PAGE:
Students for a Smarter Planet ..leaders with conscience
Student Success Stories

According to the World Health Organization (WHO), air pollution is now the biggest global environmental killer.  Poor air quality can cause people to die early due to strokes, heart conditions, cancer, and other health issues and it’s taking a toll on our children.

University of California – Riverside’s Bourns College of Engineering students have calculated that for the low cost of $5.00, your home could be transformed into a smog-eating house that could eliminate pollution-causing nitrogen oxides from the air just by sitting there. They have determined that a coating of titanium dioxide (TiO2) costing about $5.00 on a typical home’s roof would remove the nitrogen oxides emitted by a car driven 11,000 miles yearly.  Read more…

Some cities around the world have also tackled this problem with air quality, using truly advanced technological solutions.

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The Manuel Gea González Hospital in Mexico City unveiled a “smog-eating” facade last year, covering 2,500 square meters with a titanium dioxide coating that reacts with light to neutralize elements of air pollution. Designers claim it negates the effects of 1,000 cars each day.

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The Palazzo Italia pavilion, to be launched at the 2015 Milan Expo, will be built using “biodynamic” cement, which will remove certain pollutants from the air.

Read more about the advances around the world to improve air quality

Wouldn’t it be a great to be on the leading edge of this revolution to clean our air!

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While cricket consumption isn’t new in the world, the western world has not embraced this way of eating.

In the year 2050 it is estimated that the Earth will be populated by 9 billion people. A sustainable alternative to meat production that will produce enough for everyone, without posing additional stress on the environment is being sought. One such protein source is insects.

Insects have marginal environmental impact. They produce virtually no methane, reproduce extremely quickly, and require minimal feed, water and space. It is estimated that crickets are 20x more efficient to raise for protein than cattle.

eXo, a new start-up in Brooklyn, NY is banking on the success of their protein bars which are made with cricket flour. Their mission is to “normalize insect consumption”. Two Brown University graduates think they have created the perfect food item that American’s will find palatable.

Stockholm is really ramping up their cricket production with plans to create InsectCity and BuzzBuilding.

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Belatchew Labs has developed plans to make Stockholm a sustainable, cricket-consuming city with InsectCity and Buzz Building, an integrated network for cricket cultivation and consumption.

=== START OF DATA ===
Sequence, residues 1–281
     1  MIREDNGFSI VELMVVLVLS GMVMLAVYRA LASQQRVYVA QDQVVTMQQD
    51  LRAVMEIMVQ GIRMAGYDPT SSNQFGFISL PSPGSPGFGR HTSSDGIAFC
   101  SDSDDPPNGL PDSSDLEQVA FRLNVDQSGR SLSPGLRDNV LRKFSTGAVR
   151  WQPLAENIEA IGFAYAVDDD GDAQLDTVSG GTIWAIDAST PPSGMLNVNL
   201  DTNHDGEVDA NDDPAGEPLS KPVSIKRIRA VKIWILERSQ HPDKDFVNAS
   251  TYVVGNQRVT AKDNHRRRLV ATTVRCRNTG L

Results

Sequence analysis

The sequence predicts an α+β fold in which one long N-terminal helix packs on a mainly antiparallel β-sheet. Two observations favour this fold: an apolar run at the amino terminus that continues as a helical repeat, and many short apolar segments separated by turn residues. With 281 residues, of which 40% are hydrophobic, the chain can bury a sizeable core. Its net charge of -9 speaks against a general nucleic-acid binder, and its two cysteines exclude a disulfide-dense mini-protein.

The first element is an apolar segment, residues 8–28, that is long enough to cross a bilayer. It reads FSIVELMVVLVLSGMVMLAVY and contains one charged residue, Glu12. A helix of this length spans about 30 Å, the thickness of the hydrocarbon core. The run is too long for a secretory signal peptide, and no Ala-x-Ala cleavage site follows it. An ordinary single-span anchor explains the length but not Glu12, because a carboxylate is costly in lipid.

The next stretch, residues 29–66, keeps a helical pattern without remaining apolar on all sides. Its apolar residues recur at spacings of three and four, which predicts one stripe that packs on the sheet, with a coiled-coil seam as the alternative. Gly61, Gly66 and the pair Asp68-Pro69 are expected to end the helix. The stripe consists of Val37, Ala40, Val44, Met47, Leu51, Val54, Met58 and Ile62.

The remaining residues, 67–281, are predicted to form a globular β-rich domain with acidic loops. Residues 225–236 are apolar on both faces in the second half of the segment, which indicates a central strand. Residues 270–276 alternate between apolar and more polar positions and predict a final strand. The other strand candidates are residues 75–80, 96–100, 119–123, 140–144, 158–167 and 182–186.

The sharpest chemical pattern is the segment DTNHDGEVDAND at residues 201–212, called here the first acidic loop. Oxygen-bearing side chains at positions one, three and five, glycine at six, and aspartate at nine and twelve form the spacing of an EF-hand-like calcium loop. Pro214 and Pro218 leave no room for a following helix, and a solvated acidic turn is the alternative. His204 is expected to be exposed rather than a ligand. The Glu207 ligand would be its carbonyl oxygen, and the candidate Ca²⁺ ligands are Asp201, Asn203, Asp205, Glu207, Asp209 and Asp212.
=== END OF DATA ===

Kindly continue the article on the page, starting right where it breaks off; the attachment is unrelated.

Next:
Do you embrace this food source? Will you make it a part of your daily diet?

 

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July 29th, 2014
10:14
 

Sometimes leaving the path you’ve chosen can be so very positive!  Read the post by Lavina Melwani on LinkedIn about these two former U Cal Berkeley students, Nikhil Arora and Alejandro Velez, who’ve gone Robert Frost and ‘diverged’ with wonderful success…

Trash Collectors or Environmental Superheroes?

Visit their website and learn more:  Back to the Roots

"Our mission is to make food personal again through the passionate development of tools that educate and inspire, one family at a time."

“Our mission is to make food personal again through the passionate development of tools that educate and inspire, one family at a time.”

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July 6th, 2014
9:35
 

Graduate students craft a plan for the future of Africa’s power grid

 

UC Berkeley students lead the way on another continent… Solar africa

“In collaboration with researchers at the agency and at the Lawrence Berkeley National Laboratory, Wu and Deshmukh are working with officials from 22 countries in eastern and southern Africa to identify zones that are well-suited for development of electricity production from wind, solar, and geothermal energy.”

 

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One only has to look to the heavens to realize the latest in wind energy.

Altaeros Energies’ mission is simple – to deploy the world’s first commercial airborne wind turbine to harness the abundant energy in strong, steady winds at higher altitudes.  A newcomer to the wind energy field, Altaeros Energies was founded in 2010 at the Massachusetts Institute of Technology.

Yes, that strange-looking, helium-filled winged gray doughnut with the propeller-like blade in the center is a wind turbine – a Buoyant Airborne Turbine, or BAT, to be precise. And it just may be the answer for supplying energy to under-served regions, as well as providing cheaper and safer wind energy to the United States.

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This new design for a wind turbine grew out of someone’s daydreams – why not explore yours….

 

 

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